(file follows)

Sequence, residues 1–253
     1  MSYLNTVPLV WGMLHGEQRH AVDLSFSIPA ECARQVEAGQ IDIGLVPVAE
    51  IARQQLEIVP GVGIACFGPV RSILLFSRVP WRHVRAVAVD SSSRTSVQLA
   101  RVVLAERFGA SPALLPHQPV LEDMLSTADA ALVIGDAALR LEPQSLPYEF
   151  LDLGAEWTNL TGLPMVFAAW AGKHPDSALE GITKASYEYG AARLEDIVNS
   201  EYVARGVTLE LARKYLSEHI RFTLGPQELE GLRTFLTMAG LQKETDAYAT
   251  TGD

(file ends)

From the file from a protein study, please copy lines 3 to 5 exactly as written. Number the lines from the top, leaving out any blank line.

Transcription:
    51  IARQQLEIVP GVGIACFGPV RSILLFSRVP WRHVRAVAVD SSSRTSVQLA
   101  RVVLAERFGA SPALLPHQPV LEDMLSTADA ALVIGDAALR LEPQSLPYEF
   151  LDLGAEWTNL TGLPMVFAAW AGKHPDSALE GITKASYEYG AARLEDIVNS